Coach Patrick Castagno, of The Tatnall School in Delaware, said he's never seen anything like it.
On Saturday at the New Castle County Championships , two of the best high school runners in the country competed so fiercely, and bravely, that they drove each other to the brink of exhaustion.
"I've been involved in this for 40 years," Castagno said. "It was like a 15-round heavyweight boxing bout. From the sound of the gun, each runner would not let the other get ahead by half a step."
Certainly, the state of Delaware has never seen anything like it. Macedo, of Charter School of Wilmington, recovered from a broken leg suffered last spring and turned herself into the top-ranked individual in the U.S. this fall. Pierce, the preseason No. 4, was injured through September and spent the month running in a pool. But she has been returning to form. She has also committed to University of Florida.
In the one matchup between them already on the books, Macedo beat Pierce by 42 seconds.
"I was feeling pretty confident at the starting line," Macedo said of Saturday's race.
The two of them dashed off together. They went through the mile in 5:18. They went through two miles at 10:58.
Two and a half miles in, Macedo could feel Pierce beginning to pull away slightly, to maybe 20 yards. But they were both slowing.
And Pierce paid a price for her decision to try and run away from Macedo -- she was already spent before the uphill climb to the finish. With about 300 meters to go, Pierce's legs began to buckle and she fell down. She got back up to her feet, made it another shaky 10 meters, and fell again.
"She was zero'd out," Castagno said.
Macedo was also exhausted, but passed Pierce and had a clear path to the finish line. She labored with each step. Her legs, also, began to look slow and unsteady. She didn't fall, but her energy was gone.
And then from out of nowhere, Tatnall's No. 2, Reagan Anderson, emerged on the horizon, full of energy and kick. She caught Macedo before the finish line and won the race by four seconds. Macedo cross the finish line and fell to her hands and knees. Pierce and Macedo both left the course with pounding headaches and burning, tired legs. Early this week, they both felt fine.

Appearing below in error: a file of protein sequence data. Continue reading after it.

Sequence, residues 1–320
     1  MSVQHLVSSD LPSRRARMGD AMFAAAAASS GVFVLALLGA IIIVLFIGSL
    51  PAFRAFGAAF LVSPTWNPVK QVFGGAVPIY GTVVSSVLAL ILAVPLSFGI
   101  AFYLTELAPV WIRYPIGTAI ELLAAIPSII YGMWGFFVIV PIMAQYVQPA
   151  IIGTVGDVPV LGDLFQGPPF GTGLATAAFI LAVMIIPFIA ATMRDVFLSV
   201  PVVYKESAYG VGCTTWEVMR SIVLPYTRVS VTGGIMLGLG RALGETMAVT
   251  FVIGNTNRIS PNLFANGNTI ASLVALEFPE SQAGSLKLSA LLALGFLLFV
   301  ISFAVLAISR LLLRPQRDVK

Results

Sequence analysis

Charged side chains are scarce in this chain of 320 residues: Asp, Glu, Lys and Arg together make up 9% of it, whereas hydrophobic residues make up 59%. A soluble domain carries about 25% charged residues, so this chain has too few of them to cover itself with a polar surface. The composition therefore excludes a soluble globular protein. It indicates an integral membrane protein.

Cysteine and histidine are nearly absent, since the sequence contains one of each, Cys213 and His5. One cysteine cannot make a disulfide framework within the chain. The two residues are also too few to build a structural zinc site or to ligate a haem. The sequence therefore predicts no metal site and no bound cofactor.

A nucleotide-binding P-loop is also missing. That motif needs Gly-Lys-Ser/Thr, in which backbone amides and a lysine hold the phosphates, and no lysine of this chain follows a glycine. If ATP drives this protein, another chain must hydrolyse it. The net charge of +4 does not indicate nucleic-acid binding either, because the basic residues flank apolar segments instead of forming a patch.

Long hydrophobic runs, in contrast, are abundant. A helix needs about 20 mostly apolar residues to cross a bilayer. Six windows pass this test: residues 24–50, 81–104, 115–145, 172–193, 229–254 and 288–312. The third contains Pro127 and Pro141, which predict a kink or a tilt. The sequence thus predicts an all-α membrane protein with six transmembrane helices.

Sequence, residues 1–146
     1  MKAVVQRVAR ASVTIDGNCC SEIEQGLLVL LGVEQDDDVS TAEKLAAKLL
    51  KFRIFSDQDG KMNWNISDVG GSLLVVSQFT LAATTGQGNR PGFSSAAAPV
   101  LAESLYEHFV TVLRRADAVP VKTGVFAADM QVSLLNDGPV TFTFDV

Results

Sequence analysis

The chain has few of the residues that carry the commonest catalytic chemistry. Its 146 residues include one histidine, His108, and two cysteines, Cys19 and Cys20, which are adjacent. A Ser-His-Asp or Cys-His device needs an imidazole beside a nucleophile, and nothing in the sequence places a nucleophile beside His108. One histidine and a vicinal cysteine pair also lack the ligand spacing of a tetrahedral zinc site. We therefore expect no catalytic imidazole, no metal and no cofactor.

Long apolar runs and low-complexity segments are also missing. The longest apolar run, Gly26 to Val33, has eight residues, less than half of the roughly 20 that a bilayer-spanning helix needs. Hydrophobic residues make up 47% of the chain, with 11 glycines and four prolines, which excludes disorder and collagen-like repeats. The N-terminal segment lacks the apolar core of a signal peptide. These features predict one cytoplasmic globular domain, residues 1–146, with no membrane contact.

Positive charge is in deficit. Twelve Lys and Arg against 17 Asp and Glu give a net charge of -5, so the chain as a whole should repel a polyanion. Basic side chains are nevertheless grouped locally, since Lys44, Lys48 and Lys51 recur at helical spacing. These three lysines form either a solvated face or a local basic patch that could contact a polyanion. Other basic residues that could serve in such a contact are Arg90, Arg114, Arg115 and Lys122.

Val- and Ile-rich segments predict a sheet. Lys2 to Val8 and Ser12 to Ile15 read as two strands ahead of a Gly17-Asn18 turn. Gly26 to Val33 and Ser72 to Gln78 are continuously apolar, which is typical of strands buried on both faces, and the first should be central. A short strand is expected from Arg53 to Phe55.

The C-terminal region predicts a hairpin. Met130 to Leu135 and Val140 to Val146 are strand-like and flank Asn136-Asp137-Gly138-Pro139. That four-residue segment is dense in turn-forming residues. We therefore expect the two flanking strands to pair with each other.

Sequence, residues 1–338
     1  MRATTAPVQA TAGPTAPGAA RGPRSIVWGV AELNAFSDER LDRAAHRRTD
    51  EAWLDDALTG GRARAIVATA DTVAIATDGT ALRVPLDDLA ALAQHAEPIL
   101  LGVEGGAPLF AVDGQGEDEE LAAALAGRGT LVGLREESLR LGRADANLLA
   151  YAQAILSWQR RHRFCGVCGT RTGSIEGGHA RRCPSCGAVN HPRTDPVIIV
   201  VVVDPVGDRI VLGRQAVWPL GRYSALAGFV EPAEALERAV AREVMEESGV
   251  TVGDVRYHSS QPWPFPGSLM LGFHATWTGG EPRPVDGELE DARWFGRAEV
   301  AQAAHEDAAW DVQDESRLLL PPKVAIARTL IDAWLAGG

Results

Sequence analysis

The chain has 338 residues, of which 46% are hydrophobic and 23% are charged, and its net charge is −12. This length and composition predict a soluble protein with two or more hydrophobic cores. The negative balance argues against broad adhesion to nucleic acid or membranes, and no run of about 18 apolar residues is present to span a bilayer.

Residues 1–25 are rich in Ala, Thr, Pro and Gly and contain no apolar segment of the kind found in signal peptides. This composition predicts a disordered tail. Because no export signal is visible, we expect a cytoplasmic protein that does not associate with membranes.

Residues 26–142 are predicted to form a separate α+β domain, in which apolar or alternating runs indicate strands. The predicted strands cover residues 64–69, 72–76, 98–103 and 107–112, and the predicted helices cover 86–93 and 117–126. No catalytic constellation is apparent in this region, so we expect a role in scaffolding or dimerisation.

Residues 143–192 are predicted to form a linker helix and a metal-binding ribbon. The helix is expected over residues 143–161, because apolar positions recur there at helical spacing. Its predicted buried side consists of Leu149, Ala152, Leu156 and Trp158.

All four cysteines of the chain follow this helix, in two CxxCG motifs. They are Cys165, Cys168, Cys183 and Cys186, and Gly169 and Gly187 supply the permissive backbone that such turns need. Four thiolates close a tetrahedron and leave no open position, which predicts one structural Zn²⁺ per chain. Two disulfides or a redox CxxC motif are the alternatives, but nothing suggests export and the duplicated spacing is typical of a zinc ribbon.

Anderson was 40 seconds back at the two-mile mark and finished in 18:04.
The crowd, numbering about 1,500, took in something special.
"I think everyone was impressed," Castagno said. "How could high school girls do this? They pushed each other to failure."
Somewhere out on the course, beyond the two-mile marker, Pierce and Macedo believed that no matter what, no matter how hard they pushed or how badly they hurt, they would find enough to beat the other.
"We both really wanted to win and were determined not to let the other one get away," Macedo said. "We basically ran each other into the ground."
The natural rivalry was born out of proximity -- they attend schools in Wilmington, Del. -- and desire for the same thing. Both want to be the best runner in the state, and perhaps the country as well. And yet, they don't have a personal relationship.
"I have respect for her. She's that girl who used to beat me every time -- until this year," Macedo said. "We're just very competitive."
Yet they both found out there is a limit to how far you can push.
They will find out again at Nike's Southeast Regional. (They will both compete on Saturday in the Delaware state meet, but in different classes).